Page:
What scary things we find when we take the time to uncover the truth. I think this is why many people gloss over the truth and prefer to turn a blind eye. Oh, but I'm not interested in discussing politics or social issues. Let's discuss you...and me.

I have spent the last two and a half years working on a book that deals with a number of things, primarily the Korean War. During my research, I studied The Art of War, and its principles are extremely thought-provoking. Sure, the title says "war", but that's not the only issue to which it relates. The principles can relate to anything: business, relationships, problems, life (this Atlantic article demonstrates this in a really interesting way).

The primary principle I focused on for the book is this: Know yourself and know your enemy.

Sun Tzu, the Chinese general who wrote these principles, said that if you know yourself and your enemy, then you will never have to worry about the outcome of any battle. If you only know one, then every victory will be followed with a defeat. And if you know neither, then you will fail every time.

The question is: do we know ourselves? Do we take the time to know who we are? Who we are about? What makes us tick? What makes us happy? Sad? Angry? What we care about?

Remember in Hamlet the phrase: "To thine own self be true"?

It's a famous phrase, of course. But do we get it? Do we understand what that means?

How can we be true to ourselves if we do not know who we are?

This leads me to the quote by Socrates: "The unexamined life is not worth living."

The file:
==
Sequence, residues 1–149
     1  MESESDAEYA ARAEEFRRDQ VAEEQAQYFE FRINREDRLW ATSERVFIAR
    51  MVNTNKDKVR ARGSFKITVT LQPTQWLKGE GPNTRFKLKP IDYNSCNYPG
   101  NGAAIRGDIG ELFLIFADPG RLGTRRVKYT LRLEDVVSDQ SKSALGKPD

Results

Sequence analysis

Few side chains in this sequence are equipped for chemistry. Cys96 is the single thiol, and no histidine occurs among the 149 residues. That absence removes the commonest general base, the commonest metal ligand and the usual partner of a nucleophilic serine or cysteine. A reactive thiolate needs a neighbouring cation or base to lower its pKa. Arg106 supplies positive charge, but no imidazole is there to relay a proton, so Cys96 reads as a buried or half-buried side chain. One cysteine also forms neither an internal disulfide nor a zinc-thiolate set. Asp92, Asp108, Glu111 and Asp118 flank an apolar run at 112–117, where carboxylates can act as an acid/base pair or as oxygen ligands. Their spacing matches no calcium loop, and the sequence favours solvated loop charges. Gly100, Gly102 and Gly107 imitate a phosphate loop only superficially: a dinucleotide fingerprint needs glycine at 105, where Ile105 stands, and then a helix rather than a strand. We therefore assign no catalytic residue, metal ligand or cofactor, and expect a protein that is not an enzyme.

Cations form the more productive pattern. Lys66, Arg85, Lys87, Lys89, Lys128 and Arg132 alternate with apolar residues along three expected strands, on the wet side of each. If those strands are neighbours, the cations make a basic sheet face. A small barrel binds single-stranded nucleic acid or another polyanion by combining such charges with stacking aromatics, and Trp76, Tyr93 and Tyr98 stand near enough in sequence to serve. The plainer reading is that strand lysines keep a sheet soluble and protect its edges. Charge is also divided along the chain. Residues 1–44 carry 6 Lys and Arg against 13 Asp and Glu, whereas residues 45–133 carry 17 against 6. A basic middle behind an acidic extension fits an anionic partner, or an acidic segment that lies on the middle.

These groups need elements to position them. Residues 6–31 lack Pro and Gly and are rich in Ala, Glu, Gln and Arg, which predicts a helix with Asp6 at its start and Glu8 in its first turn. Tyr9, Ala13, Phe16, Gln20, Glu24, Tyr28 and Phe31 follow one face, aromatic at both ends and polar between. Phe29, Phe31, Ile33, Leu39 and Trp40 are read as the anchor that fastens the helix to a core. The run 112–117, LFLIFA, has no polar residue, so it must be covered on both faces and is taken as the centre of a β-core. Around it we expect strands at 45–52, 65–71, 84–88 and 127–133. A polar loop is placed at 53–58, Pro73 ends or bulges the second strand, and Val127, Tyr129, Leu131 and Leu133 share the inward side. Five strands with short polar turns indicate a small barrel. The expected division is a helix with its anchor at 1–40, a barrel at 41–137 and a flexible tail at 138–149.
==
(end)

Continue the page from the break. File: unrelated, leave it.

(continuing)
There is the answer to knowing. Taking the time to examine ourselves. Taking the TIME. Looking at ourselves in the mirror. And I don't necessarily mean a physical mirror, but if that helps, then use one. The only way to truly examine yourself is to take time. Time is the mirror.

Along with The Art of War, my research included the samurai text The Book of Five Rings by Miyamoto Musashi. He said, "Everything is within."

Therefore, look within. Find out what you're about. The only thing we are not given in life is more life. More time. That mirror begins to fade quickly. It becomes darker and less reflective. This is why the older people become, the harder it is for them to change. After so long, you get rid of the mirror and simply accept even the unacceptable things.

Sure, it's scary acknowledging the bad and the ugly in our lives. Discovery often requires going to some pretty dark and scary places. Armed with a flashlight and a sense of trepidation, we creep along - poking and prodding at ourselves. The discomfort is worth the end result. Just don't fear discovery so much that you abandon the practice of self-examination.

We have one life to live. It would be dreadful to think we died and never truly met ourselves.

So study yourself. Know yourself. Know your enemy. Quite often, those two are the same.